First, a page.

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Lavender

Tumbling down the stairs. It’s an early, terrifying memory for many a child. The world turns upside down and flashes past the eyes. The breath is knocked out of the little body that was just starting to respond in a predictable way. The very first breath that comes in again is expelled in a wail. It’s a sound that strikes fear into a parent’s heart. Thumpety-thumpety thump thump WAAAHHH! Mother and child clutch each other…any broken bones? Concussion? Do all the toes and fingers still work? Usually the child is more scared than hurt, and there’s nothing to do but hug, rock, reassure. And one more thing. Grab the little bottle of lavender oil from the first aid box, open it up and wave it under the child’s nose…and sniff some yourself. The atmosphere changes immediately, calming and soothing. The crying stops. The pounding heart slows. Calm is returned, and the hurts can be cataloged, cold cloths applied, band aids put on boo-boos. Or if there is something seriously wrong, it can be discovered and treated more quickly. A dab of lavender oil on a stubbed toe immediately takes away the teeth-clenching, hopping-up-and-down pain. A bit massaged into the temples can ease a tension headache. If you’re heading out for a night of wild partying, you may want to choose a different scene–it can make anyone who comes close to you feel calm and serene. Lavender sachets tucked into your linens might remind you of your maiden aunt, but there’s good reason for it. The herb repels insects, and wise housewives in the Middle Ages used it to protect their families from plague, which was spread from rats to humans by lice and fleas. If you grow your own lavender, you can collect oil by hanging the blossom spikes upside down in a closed jar, and setting it in the sun. There are several varieties of lavender available to grow in your garden, but English lavender, Lavandula vera, is regarded as the best. It does well in poor soil, and blossoms in late May, adding a sweet, calming aroma to the air on warm afternoons. Now’s a good time to plan for a corner of your yard planted with some fragrant lavender…make sure it’s a space where you can tuck in a lawn chair for a snooze in the late spring sunshine. Riverwest Currents – Volume 2 – Issue 3 – March 2003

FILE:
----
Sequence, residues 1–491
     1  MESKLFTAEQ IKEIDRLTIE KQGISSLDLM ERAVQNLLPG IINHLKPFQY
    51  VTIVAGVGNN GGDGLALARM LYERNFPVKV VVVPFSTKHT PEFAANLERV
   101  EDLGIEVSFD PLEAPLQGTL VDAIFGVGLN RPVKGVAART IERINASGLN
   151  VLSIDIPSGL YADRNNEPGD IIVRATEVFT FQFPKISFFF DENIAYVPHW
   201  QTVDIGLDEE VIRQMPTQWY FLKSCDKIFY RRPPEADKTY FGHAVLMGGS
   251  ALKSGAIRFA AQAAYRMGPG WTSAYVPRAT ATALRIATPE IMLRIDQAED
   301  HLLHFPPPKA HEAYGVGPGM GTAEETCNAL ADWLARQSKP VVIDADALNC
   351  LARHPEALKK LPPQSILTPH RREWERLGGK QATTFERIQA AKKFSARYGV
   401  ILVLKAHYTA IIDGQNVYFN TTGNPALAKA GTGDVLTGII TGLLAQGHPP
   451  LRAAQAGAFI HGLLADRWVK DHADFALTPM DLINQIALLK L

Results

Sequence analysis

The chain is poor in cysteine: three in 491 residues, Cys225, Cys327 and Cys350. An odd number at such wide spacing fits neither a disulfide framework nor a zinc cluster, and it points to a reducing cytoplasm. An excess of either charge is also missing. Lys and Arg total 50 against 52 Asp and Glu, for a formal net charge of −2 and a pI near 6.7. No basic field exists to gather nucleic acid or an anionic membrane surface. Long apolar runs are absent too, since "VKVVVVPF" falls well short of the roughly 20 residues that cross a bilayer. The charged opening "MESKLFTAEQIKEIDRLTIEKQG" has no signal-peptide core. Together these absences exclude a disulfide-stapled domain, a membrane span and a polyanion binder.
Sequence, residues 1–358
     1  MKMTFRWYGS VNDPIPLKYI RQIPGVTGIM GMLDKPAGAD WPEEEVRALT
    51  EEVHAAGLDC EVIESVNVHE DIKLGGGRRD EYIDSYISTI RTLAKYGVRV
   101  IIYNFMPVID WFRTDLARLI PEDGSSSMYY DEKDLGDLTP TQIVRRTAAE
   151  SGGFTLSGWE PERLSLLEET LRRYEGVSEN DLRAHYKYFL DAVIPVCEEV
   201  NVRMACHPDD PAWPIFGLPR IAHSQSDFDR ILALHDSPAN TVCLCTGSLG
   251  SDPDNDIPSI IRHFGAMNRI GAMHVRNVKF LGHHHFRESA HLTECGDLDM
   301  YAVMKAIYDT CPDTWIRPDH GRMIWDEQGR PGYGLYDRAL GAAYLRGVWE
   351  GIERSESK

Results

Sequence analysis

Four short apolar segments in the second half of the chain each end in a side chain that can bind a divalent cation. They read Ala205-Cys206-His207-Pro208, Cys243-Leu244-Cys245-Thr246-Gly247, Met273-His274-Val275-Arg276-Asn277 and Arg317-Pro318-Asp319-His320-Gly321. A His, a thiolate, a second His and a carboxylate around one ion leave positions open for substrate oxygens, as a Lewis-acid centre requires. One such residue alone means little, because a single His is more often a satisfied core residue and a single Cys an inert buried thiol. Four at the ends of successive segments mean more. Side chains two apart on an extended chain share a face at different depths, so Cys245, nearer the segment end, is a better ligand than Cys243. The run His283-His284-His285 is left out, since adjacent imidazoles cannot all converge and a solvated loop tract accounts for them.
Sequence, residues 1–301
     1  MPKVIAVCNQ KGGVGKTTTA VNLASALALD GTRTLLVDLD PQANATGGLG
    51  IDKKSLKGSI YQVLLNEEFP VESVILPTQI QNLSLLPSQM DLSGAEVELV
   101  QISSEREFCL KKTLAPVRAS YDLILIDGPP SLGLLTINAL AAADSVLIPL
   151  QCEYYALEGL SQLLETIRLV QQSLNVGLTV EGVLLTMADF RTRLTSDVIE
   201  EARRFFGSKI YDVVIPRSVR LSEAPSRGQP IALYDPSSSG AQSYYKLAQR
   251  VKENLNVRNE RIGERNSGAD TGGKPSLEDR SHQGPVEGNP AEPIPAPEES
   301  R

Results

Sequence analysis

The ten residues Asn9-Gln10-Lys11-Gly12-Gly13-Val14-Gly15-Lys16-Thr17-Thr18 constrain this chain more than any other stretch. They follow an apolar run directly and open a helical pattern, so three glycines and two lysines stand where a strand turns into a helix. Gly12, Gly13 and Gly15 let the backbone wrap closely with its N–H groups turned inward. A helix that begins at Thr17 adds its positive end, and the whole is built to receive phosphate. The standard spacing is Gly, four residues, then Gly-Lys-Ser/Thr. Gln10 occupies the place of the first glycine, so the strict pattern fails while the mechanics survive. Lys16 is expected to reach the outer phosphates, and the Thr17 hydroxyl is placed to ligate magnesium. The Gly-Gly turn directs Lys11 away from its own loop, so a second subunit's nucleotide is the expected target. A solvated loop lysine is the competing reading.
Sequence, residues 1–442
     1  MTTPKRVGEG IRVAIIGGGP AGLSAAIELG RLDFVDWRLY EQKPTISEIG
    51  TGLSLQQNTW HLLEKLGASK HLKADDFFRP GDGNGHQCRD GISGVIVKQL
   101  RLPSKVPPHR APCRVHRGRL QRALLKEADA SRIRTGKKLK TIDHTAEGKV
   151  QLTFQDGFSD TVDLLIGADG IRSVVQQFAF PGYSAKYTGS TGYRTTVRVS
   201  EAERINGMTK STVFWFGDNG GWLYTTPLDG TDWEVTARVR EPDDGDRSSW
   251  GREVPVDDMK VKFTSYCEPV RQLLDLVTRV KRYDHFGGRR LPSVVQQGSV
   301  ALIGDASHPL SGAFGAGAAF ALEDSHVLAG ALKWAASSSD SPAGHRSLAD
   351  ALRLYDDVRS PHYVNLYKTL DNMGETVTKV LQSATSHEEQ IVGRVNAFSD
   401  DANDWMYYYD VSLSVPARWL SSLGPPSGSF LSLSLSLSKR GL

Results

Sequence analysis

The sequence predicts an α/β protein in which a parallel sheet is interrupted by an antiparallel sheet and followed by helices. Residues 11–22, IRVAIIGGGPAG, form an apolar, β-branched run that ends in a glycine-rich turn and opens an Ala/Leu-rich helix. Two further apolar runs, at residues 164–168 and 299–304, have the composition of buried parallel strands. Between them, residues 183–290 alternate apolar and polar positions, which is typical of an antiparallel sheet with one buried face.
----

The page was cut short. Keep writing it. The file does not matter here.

by Janice Christensen